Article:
Unravel Yourself into the Scenery of the Now.
The Dragon Underneath the Universe
The fresh scent of the season’s first rains clears out what was stale and dry.Between the tantalizing wafts of moist vegetation and filtered Pacific air we might catch the steady sound of raindrops on the pavement or against the side of old Victorian homes, quiet and cool, nourishing the life that is here and giving it a certain humming vibration for our inner regions to digest.
In Buddhism and particularly in Zen, there is a deep connection between the way of nature and the human mind that is grounded in the now. Though we may not realize it, within the walls of our man-made cityscapes and culture, the natural way flows through the Earth and more broadly, the universe. It is the great wilderness that gave us life and on top of which we lay our human civilization.
However, the undulations of the coiled dragon underneath the universe are wild, occasionally uncouth, infinitely vast to the point of laughter, and certainly beyond our discriminations. Rather than denying this reality or hiding from it, it could be interesting to head toward this metaphorical dragon, reverently bowing our heads to its majesty while continuing to tame this surface-level mind.
If the way of energy is present in nature, and if this energy is connected to the open mind, then it might at first be easier to experience the bond in the midst of a forest or along a stretch of shoreline. Muso, a Japanese Zen teacher and poet, felt a sense of kinship to a ceaseless and clear creek:
“Since before anyone remembers
it has been clear
shining like silver
though the moonlight penetrates it
and the wind ruffles it
no trace of either remains
Today I would not dare
to expound the secret
of the stream bed
But I can tell you
that the blue dragon
is coiled there.”
For Muso, there was an undeniable camaraderie between his direct experience of freedom and the natural flow of the current—sometimes wild and untamable after a spring deluge and other times, mellow and serene, polishing the earthy green and azure colored stones below. There is a real, fundamental kindness here in Muso’s words and also in the ceaseless flow of the water, one that accepts both flood and drought, sun and autumn storm, grief and happiness.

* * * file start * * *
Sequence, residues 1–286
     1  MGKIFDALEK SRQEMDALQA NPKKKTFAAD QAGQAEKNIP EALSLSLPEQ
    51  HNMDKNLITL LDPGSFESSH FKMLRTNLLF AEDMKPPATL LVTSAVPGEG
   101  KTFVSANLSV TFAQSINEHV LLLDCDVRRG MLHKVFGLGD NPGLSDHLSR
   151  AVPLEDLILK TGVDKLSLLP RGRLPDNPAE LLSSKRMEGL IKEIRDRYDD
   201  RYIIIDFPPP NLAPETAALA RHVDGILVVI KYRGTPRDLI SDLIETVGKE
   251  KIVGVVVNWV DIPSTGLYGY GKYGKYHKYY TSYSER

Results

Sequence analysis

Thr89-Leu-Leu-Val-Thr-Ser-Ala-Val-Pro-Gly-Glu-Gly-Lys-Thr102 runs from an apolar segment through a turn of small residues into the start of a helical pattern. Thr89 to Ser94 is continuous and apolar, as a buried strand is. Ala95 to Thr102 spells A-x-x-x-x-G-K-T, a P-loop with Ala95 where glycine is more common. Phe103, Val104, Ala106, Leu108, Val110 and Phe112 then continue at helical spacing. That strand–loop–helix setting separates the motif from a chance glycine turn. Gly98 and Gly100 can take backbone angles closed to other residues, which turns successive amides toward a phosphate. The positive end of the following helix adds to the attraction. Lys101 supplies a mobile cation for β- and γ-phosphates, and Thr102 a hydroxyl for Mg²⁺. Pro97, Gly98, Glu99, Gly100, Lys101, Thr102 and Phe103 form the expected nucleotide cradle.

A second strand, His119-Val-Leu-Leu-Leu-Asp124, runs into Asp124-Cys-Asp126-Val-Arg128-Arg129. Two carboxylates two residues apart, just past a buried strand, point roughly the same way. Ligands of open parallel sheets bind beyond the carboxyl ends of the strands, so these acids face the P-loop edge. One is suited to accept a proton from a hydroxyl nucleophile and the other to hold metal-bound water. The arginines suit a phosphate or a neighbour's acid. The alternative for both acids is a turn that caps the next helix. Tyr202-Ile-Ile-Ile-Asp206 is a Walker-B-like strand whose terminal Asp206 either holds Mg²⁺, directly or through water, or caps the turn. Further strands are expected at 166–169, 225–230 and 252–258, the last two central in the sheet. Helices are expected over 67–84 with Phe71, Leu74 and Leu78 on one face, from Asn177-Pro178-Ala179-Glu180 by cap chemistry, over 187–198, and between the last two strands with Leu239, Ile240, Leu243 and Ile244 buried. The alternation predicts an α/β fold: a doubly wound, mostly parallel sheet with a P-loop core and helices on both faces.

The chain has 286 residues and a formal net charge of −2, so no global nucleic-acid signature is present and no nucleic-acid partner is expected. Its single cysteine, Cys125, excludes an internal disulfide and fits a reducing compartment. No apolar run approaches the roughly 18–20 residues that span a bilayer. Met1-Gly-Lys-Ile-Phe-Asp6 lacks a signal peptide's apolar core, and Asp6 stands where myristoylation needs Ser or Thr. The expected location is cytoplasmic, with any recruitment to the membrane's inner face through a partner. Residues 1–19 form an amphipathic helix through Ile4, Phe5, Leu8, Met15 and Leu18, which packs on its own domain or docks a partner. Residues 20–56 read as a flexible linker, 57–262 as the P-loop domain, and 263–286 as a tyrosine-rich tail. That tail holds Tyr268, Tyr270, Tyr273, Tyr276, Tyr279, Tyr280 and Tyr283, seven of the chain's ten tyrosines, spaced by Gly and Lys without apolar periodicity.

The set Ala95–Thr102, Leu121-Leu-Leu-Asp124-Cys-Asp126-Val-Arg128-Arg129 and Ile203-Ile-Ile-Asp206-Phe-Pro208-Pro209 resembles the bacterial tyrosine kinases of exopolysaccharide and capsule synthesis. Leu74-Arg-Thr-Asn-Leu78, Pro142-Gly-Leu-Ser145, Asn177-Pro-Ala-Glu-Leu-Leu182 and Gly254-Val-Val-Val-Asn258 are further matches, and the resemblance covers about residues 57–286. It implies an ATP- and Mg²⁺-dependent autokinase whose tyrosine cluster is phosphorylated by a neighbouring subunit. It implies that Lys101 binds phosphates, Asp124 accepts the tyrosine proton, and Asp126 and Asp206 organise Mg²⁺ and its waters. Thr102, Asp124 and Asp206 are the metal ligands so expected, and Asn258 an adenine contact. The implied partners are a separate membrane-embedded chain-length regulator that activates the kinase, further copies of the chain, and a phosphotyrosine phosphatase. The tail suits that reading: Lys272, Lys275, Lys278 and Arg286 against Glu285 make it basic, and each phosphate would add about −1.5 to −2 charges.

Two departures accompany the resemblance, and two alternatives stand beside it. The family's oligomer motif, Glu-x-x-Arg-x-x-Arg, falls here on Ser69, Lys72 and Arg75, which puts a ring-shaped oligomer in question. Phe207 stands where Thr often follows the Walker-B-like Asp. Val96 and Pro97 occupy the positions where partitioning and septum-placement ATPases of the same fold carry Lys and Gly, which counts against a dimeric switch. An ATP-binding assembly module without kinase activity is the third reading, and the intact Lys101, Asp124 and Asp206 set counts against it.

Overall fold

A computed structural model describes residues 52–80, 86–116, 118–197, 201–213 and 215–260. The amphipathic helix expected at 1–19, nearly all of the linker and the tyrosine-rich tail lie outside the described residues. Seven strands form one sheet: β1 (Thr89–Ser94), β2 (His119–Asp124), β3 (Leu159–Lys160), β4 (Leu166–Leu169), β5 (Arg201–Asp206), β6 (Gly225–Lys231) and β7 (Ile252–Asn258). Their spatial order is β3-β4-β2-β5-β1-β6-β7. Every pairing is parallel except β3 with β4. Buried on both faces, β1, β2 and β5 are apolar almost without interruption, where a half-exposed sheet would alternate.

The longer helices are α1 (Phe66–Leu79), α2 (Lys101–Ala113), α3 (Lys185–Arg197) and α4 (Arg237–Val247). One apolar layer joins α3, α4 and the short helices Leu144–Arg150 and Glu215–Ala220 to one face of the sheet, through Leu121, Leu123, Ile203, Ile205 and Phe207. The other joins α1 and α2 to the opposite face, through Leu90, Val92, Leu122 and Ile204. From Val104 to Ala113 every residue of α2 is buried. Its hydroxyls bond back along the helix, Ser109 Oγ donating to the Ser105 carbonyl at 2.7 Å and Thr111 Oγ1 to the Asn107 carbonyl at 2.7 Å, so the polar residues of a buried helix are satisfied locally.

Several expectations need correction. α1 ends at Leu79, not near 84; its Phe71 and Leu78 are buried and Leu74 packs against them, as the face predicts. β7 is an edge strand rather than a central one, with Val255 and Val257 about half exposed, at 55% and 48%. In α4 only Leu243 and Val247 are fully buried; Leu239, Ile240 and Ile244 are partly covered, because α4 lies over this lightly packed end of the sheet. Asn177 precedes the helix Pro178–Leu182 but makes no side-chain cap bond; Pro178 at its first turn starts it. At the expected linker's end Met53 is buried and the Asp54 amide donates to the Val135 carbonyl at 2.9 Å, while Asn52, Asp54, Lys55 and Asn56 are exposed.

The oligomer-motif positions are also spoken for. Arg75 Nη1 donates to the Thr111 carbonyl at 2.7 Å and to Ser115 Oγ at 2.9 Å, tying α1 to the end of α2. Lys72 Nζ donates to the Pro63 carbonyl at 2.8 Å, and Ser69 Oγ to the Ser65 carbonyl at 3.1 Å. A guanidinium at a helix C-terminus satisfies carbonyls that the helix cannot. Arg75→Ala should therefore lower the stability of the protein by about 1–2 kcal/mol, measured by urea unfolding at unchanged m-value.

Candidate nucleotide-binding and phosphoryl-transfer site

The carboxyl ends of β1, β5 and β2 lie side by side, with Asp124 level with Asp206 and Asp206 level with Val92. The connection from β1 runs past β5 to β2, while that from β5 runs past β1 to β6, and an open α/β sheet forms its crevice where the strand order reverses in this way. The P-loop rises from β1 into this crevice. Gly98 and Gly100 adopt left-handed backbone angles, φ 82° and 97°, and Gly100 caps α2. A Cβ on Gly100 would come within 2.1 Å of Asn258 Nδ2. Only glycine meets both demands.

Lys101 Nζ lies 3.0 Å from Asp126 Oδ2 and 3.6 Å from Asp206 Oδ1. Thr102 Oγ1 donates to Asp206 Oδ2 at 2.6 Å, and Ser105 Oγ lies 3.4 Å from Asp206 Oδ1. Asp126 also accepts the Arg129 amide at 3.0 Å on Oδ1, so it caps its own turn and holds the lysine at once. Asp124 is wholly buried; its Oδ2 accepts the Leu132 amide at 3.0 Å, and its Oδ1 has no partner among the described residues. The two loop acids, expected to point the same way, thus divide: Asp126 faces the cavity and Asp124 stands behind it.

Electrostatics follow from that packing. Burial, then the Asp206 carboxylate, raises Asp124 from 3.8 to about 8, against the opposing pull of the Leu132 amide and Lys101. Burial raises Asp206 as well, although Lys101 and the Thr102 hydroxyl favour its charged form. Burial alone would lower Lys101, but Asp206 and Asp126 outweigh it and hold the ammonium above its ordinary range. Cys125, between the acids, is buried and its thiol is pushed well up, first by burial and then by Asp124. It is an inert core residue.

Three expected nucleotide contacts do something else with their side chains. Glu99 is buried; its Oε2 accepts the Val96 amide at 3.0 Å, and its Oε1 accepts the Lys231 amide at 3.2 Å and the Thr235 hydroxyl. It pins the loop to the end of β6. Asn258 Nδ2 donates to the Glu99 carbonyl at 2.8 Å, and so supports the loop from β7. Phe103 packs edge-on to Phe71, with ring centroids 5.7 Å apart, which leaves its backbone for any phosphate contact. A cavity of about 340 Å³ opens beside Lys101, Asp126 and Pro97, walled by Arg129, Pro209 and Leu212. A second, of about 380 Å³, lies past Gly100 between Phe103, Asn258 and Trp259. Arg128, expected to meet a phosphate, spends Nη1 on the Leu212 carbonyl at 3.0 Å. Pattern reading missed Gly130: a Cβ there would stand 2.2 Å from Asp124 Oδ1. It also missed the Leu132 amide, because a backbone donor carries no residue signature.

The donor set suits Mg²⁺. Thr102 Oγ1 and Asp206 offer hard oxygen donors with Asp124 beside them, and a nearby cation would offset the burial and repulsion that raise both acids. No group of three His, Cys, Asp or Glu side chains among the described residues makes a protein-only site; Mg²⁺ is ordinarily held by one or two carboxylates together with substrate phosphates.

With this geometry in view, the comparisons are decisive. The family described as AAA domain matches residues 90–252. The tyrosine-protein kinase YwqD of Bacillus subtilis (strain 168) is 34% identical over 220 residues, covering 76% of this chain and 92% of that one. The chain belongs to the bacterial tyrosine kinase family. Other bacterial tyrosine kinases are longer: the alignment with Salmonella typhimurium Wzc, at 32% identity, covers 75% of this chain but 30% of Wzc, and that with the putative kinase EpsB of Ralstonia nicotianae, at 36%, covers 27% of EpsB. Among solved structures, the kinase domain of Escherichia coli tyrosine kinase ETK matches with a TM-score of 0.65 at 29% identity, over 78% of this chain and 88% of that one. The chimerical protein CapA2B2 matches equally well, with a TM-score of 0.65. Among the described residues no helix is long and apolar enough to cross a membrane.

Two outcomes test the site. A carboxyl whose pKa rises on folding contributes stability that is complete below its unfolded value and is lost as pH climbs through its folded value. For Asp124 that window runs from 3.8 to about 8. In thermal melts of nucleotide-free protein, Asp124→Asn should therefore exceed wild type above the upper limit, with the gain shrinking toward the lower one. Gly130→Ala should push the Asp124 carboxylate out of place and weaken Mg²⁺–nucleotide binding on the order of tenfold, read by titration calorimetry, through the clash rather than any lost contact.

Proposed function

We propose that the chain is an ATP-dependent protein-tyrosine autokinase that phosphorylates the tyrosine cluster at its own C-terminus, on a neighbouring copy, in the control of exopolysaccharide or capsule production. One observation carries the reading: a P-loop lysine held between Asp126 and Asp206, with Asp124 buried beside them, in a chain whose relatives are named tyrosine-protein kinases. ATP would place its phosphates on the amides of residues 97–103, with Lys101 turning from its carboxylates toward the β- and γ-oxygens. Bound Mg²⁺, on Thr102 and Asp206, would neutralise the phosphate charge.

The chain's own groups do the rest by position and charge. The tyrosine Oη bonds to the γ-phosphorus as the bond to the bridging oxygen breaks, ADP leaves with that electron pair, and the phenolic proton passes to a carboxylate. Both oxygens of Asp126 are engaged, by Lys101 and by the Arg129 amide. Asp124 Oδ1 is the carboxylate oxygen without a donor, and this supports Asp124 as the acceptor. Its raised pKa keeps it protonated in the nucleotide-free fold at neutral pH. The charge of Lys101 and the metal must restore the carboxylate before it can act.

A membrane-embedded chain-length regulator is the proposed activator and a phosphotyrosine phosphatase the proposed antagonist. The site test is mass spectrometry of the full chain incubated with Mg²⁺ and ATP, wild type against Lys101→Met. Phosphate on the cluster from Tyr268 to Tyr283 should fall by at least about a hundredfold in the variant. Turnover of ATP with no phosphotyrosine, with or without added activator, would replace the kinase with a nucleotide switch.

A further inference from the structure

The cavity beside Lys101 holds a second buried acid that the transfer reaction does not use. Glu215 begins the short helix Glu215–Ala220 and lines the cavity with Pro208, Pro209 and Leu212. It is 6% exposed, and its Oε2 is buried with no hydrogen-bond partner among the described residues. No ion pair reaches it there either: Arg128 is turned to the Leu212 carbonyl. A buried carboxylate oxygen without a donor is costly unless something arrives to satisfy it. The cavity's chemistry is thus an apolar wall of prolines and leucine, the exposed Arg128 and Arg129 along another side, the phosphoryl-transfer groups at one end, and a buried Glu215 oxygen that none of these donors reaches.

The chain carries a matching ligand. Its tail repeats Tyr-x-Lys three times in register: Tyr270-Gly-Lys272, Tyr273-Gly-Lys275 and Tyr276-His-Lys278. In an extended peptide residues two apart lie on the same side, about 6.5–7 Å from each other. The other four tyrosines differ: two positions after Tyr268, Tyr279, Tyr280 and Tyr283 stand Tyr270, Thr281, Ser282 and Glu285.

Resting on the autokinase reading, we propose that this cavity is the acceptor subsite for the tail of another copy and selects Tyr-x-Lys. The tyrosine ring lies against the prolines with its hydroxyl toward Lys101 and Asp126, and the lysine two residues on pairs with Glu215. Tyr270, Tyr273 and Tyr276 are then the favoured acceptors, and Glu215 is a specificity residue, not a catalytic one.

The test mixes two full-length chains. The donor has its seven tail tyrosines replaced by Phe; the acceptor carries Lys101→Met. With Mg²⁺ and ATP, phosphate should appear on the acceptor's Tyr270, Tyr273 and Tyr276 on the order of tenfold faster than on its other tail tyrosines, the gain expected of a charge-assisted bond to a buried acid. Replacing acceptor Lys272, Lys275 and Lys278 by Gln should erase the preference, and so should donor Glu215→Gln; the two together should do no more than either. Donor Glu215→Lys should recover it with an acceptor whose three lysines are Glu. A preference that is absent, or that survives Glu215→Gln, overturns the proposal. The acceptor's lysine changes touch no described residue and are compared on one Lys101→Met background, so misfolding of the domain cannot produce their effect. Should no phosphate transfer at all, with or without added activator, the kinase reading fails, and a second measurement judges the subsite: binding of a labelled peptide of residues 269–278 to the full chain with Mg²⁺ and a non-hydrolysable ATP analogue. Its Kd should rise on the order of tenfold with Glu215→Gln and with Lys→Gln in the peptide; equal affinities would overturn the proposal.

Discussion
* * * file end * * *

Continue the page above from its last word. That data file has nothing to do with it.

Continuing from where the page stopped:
It can be interesting to unravel yourself into the scenery of the now, whether it is a stream bed or a bitter family dispute, the way of the creek does not confine itself. The poet’s coiled, wild dragon underneath the water covers the earth and spreads out beyond the scope of rationality. All this little man is left with is everything. It’s slightly humorous to think that by stepping out of the foreground of human life for a time to inhabit space and the immediacy of the moment might present you with an opportunity to rest on the back of Muso’s dragon.
Of course this isn’t just a Zen thing; rather, it is a common human experience that includes rulers and ruled, skinny and obese, and I’m pretty sure, Democrats and Republicans, liberals and conservatives.
The notion of not knowing comes to play here:
When we don’t know who we are, or what we like or dislike, then there can be a real meeting between the mind and the moment.
The limiting armor of the known disappears and Muso’s metaphorical blue dragon can sweep out from the confines of the stream bed to claim the universe. It is always this way; the only thing that has changed is our sudden transformation and our ability to remain in touch with vastness.
Allowing the dragon—kind and wild—to flow through our lives is the patient practice of mindfulness. The repeated action of learning to come back to the present without our armor or our mind-made beliefs leads to a slow, palpable change.
There is a story in Paul Reps’ and Nyogen Senzaki’s Zen Flesh Zen Bones called, “Stingy in Teaching,” in which a young doctor visited the famed Zen master, Nan-in to see if Zen practice was all about losing one’s fear of death. After some time, the doctor became frustrated and threatened to leave, to which the Master responded, “I have been too strict with you. Let me present you with a koan.” Nan-in gave the doctor Joshu’s Mu or no-thing (the koan: Does a dog have Buddha nature? Joshu said, “No”). The koan, like a hammer or a diamond cutter sword, is meant to steadily break down the practitioner’s mind until he or she falls into the way:
“Kusuda (the young doctor) pondered this problem of Mu (No-Thing) for two years. At length he thought he had reached certainty of mind. But his teacher commented: “You are not in yet.” Kusuda continued in concentration for another yet and a half. His mind became placid. Problems dissolved. No-Thing became the truth. He served his patients well and, without even knowing it, he was free from concern of life and death. Then he visited Nan-in, his old teacher just smiled.”
The deep cut of violent past incidents, a tireless racking pain, or a choir of laughter, Muso’s blue dragon, like a thunderous koan or the ceaseless examples of nature, is right here. It just takes time to remember, digest and embody what is fundamental.
Editor: Brianna Bemel
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